Summary

There’s a tonne more to be said about the intricacies of inter-agency dynamics and the kinds of personality drivers that make dealing with an SEO campaign such a frigging nightmare in many ways, but the overriding principles are – and must be – clarity of purpose.

So the next time the guy who designs your flyers phones you up to say he couldn’t find you on Google for [obscure keyphrase] and asks to share his ideas with you: put the phone down.

Google Tracking UPS Deliveries???

I keep getting coldcalled by 0845 459 3215 (and I’m not alone, apparently). Because I’m a prick in these matters, I just hang up on them, but their persistence is getting annoying, so I thought I’d look up who they are.

Google gave me the answer (see above) but also fired in this little titbit.
UPS tracking code
The UPS tracking bit on top of the regular SERPs goes through to the UPS website and prefills the order tracking form (whatever package this was has expired or is invalid or something, before you check!)

I can only imagine that this is the format of UPS tracking codes as well as the standard format for UK phone lines, but it seems a bit presumptuous for Google to take a guess that I’d use Google to search for a tracking code instead of going to the UPS website.

Is this something that UPS themselves are promoting, I wonder?

The workings of the postal system are pretty vague to me but I also wonder what – if any – privacy concerns this raises. If I’ve order a bride-in-a-box from an ex-Soviet Republic, the last thing I want is the world to start getting access to details of my order. And I certainly don’t want UPS sharing that kind of information with Google in the first place.

Cache in Hand? The New Look Google

I’m currently getting a new look Google. Such things aren’t uncommon – with the vast amount of traffic Google gets, and the depth of the usage data they collect they can easily test new features to millions of people at a time without affecting aggregate experience of the site.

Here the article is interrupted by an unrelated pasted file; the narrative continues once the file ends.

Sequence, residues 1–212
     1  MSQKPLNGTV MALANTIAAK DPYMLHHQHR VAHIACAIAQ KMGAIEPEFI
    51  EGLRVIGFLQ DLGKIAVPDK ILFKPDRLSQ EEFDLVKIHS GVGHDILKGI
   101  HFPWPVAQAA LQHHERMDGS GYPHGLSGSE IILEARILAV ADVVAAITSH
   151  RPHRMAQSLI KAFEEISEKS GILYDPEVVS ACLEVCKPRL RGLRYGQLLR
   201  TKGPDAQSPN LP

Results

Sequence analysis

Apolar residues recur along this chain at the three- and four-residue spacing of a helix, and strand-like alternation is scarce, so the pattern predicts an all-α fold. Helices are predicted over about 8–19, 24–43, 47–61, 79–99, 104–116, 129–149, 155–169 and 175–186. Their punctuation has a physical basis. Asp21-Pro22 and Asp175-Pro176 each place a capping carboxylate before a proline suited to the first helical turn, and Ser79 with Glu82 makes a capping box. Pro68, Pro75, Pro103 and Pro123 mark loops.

Their design process is actually very boring and iterative. Having hired a genius like Doug Bowman, Google then spent 3 years ignoring his advice and testing 40 shades of blue to see which had the highest clickthrough rates. And this is why your Google is still pretty much your Dad’s Google. White background. Blue links.

Today’s iterative test – the one that I’m seeing – looks like this. As ever, it’s a small evolution.

new google design

  • The URL of the site is moved up under the title of the link
  • Much more white space between individual links
  • The ‘cached’ and ‘similar’ links are gone..

Wait…. what?

Yep. The ‘cached’ feature isn’t there. While the other stuff is tedious design-by-measurement stuff and ‘similar sites’ did nothing useful, the cache is one of the most important things you can use to give you a flavour of what Google is seeing when it looks at your site.

  1. It acts as a record of the code – giving you an easy way to catch out developers who tell you that “the site was always like that”
  2. It acts to show you when Google last visited – giving you a feel for the rate of spidering your site gets and also helping  you to establish whether or not Google has actually noticed the last batch of changes you made to the site.
  3. It acts to show you whether Google is actually showing the page as intended – and that any funky Ajax the designers/developers have build into the page isn’t causing any grief for the spiders

Anyway, Google aren’t reading this and don’t care anyway: but please don’t take my cache away!

Minor additional chortle: when I worked in Ripon, I got results skewed to Manchester as my default. Now I’m in Harrogate, I’m getting Leeds. Personally I suspect Google are trying to force users to supply geo-data by forcing the little “change location” link into lots of searches to draw up a more accurate map of regional IP addresses. Which is clever, when you think about it. Or sinister.